Note also that David Allen for one is fully cognizant of the existence and exponentially worsening character of this personal info-management problem. Accordingly, he offers imnasho and in my experience most practical and usable advice and techniques for dealing with such “drinking from info-hoses” challenges.

    Allen’s techniques and rules of thumb are not perfect, but they do work… for now. We’ll see if they hold up when the infoglut problem fully kicks in.

    I somehow don’t see librarians taking on roles like the role David Allen carved out for himself… proferring tailored info-management services to individuals. That would seem to be a huge departure from their traditions and their professional comfort zones.

    I dearly hope I am wrong and that librarians somehow do metamorphose to such “info-doctor” and “self-management-counselor” roles… because such would be most welcome and much needed.

    Failing that, it would already be great if librarians could point a lot of seeking and questing people to Allen’s “Getting Things Done” book and recommend practice of its precepts. It will bring them critically needed very pragmatic skills in personal info-management too. I did, I am a considerably less stressed info-naut and life-naut for it.

    Thanks again.

    ~ Philippe Van Nedervelde ~

  8. Philippe – I think the role of “info doctor” or “self-management counselor” may be an important one. Librarians have traditionally been trained to deal with collective needs (the whole community for public librarians, universities for academic librarians and wherever they are for public librarians) rather than those of specific individuals. Whether the profession chooses to deal with this – or whether coaches themselves absorb parts of information management to deal with their clients’ needs, remains to be seen.

    Dave “How to save the world” Pollard has written a great deal on this and is also a fan of Allen’s work.

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  12. A couple of corrections while I process the full meaning behind your great essay. Wikipedia’s content license is GNU Free Documentation License (the full explanation of the Wikipedia Copyrights is available. The GFDL is not the same as the Creative Commons licenses. The amended GFDL will allow Wikipedia to adopt the CC-BY-SA license (according to the GFDL FAQ. Wikimedia has a very complicated chart on what licenses can be used when reusing Wikimedia content.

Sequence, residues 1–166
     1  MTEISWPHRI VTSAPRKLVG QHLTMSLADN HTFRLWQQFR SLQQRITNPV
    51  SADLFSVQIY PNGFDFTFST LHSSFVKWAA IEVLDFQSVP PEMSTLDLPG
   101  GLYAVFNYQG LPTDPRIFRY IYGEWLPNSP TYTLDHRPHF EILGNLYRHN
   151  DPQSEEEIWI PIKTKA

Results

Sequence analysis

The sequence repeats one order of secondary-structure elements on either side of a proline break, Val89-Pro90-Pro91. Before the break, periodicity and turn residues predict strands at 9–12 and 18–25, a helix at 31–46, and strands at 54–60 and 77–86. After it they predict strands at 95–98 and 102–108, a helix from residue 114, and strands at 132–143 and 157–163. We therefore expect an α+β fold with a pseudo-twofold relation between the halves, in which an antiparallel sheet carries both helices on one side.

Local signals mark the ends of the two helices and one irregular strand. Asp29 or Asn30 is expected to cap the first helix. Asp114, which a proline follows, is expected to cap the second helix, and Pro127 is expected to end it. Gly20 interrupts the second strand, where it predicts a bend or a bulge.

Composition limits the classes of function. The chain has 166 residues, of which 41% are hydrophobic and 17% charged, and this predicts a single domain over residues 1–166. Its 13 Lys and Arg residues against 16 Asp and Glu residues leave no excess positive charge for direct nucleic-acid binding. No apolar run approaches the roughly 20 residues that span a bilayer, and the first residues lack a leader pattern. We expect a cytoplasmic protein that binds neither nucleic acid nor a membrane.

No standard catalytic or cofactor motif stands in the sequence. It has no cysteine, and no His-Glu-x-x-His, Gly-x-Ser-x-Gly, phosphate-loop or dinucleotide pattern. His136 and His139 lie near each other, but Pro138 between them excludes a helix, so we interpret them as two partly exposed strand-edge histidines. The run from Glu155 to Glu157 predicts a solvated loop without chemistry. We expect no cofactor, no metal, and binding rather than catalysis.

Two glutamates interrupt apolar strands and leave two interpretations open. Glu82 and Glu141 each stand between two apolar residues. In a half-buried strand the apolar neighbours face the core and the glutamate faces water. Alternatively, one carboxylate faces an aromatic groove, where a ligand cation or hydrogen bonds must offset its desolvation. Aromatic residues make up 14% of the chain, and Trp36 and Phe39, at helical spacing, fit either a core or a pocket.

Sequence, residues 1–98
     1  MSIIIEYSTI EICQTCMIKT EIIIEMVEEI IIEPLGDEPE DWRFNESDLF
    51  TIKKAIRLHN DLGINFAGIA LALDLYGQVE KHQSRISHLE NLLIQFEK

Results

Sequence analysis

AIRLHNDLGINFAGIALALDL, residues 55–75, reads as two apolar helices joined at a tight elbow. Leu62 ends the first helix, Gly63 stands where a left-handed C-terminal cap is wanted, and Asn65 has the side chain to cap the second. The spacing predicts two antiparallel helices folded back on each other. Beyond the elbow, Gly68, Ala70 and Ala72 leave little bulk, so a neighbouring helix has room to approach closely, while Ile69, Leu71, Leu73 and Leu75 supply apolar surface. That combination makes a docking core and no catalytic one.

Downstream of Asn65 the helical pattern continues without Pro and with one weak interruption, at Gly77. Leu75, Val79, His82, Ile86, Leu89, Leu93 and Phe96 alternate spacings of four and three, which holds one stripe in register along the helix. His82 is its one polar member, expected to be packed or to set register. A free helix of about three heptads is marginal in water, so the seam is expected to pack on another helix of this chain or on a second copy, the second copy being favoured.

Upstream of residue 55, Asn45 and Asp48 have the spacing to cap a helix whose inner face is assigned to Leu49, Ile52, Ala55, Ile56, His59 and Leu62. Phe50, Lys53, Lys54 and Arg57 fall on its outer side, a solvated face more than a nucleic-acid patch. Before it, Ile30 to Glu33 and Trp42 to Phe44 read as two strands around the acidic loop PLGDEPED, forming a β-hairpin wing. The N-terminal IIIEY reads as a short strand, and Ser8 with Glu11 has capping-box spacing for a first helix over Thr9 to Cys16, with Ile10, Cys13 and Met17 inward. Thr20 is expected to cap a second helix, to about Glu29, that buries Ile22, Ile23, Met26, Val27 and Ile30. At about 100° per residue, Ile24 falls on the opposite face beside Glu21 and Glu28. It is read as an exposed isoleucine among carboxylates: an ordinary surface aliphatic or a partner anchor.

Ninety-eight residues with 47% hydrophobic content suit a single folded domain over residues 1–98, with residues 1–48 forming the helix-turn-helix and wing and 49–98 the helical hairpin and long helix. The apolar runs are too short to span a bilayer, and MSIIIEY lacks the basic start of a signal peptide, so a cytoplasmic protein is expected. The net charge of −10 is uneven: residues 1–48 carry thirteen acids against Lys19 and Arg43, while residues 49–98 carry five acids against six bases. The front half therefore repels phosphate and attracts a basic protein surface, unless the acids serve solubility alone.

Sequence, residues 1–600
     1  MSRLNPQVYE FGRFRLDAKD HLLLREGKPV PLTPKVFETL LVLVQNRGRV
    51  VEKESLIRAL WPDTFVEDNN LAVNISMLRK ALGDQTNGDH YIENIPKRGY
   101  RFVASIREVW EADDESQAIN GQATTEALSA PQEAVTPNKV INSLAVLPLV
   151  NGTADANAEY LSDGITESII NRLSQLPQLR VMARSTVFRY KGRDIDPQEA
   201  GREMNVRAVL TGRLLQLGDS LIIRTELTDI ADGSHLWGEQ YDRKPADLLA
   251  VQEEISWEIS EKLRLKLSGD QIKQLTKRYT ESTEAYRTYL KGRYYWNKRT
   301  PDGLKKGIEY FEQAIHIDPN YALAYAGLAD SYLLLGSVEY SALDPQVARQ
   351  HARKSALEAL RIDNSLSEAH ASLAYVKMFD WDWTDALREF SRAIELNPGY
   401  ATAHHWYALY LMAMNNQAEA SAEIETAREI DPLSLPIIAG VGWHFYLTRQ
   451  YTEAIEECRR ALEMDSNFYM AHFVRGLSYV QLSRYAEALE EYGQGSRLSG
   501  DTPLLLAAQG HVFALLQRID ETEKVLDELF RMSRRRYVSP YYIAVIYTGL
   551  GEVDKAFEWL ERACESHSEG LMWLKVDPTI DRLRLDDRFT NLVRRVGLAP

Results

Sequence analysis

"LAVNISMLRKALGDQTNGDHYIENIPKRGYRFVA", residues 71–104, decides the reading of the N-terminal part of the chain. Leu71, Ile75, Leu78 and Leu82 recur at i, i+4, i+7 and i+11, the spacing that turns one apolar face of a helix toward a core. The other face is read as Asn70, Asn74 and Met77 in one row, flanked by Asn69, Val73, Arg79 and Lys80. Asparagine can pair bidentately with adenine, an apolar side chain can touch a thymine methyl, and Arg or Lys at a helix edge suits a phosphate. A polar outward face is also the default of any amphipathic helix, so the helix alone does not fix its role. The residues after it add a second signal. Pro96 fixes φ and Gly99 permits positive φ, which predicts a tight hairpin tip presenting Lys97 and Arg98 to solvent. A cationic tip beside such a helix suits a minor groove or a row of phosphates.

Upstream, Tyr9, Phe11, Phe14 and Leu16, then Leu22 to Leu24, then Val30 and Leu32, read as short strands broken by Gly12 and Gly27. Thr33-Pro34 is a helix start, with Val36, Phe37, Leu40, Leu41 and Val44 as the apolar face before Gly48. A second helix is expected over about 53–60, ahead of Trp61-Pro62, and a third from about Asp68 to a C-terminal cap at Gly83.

Google is not scanning the whole Harvard library; it is only scanning the public domain works at the library. After reviewing the terms of the settlement agreement with the book authors and book publishers, Harvard reaffirmed its decision to limit its participation to public domain books only. I think it also important to note that the presentation of in-copyright books as you described should be in the future tense; the settlement agreement has not been finalized and money from subscribers/purchases of books under the Google book reader interface is not yet being collected.

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  15. Wikipedia, with a 97% share of the online encyclopedia market, has forced Microsoft to shut down Encarta. How long will it be before Wikipedia claims the prize scalp of Encyclopaedia Britannica?

    Encyclopaedia Britannica did not think that an open source product like Wikipedia would significantly challenge the credibility of its brand. They were dead wrong and Encyclopaedia Britannica’s staff seriously misread the global market. They are now very concerned about the widespread use of a free Wikipedia vs their paid subscription model. From a corporate and financial perspective, Encyclopaedia Britannica is in significant trouble.

    It will be interesting to see if Encyclopaedia Britannica survives, but recent indications do not look good. It is the combination of a) the success of Wikipedia and b) improved search engines that has put financial pressure on Encyclopedia Britannica over recent years. Many libraries, schools & individuals are questioning the need to pay for sets of expensive books, or to subscribe to Encyclopaedia Britannica Online, when the content is free on the internet, and much more comprehensive.

  16. Hi Mark,

    Just spotted this on MetaFilter and it brought to mind your presentation, and the point you made re: Google missing the point of how useful subject headings and other human-assigned metdata can be in the information retrieval process:

    Thanks again for making me feel like I haven’t joined an obsolescent profession!